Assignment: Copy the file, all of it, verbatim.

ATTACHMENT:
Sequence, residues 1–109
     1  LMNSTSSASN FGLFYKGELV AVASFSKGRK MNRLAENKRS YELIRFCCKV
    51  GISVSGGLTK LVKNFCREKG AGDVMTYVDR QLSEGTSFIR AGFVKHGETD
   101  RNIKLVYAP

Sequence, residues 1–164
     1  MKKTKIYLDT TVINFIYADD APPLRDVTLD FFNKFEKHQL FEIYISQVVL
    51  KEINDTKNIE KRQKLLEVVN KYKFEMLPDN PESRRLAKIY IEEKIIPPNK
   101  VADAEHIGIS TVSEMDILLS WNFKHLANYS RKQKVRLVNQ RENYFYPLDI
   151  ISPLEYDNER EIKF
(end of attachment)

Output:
Sequence, residues 1–109
     1  LMNSTSSASN FGLFYKGELV AVASFSKGRK MNRLAENKRS YELIRFCCKV
    51  GISVSGGLTK LVKNFCREKG AGDVMTYVDR QLSEGTSFIR AGFVKHGETD
   101  RNIKLVYAP

Sequence, residues 1–164
     1  MKKTKIYLDT TVINFIYADD APPLRDVTLD FFNKFEKHQL FEIYISQVVL
    51  KEINDTKNIE KRQKLLEVVN KYKFEMLPDN PESRRLAKIY IEEKIIPPNK
   101  VADAEHIGIS TVSEMDILLS WNFKHLANYS RKQKVRLVNQ RENYFYPLDI
   151  ISPLEYDNER EIKF